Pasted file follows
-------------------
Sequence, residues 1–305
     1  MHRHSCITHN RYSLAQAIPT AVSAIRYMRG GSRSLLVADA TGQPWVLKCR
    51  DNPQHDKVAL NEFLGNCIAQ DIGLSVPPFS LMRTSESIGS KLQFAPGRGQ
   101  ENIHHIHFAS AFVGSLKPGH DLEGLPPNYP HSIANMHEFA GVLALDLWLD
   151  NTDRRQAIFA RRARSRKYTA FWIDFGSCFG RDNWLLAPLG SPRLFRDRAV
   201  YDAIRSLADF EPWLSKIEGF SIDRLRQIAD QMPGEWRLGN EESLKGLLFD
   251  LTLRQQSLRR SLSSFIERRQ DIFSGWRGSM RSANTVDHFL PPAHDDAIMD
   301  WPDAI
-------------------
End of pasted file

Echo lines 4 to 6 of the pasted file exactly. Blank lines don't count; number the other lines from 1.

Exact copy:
   101  ENIHHIHFAS AFVGSLKPGH DLEGLPPNYP HSIANMHEFA GVLALDLWLD
   151  NTDRRQAIFA RRARSRKYTA FWIDFGSCFG RDNWLLAPLG SPRLFRDRAV
   201  YDAIRSLADF EPWLSKIEGF SIDRLRQIAD QMPGEWRLGN EESLKGLLFD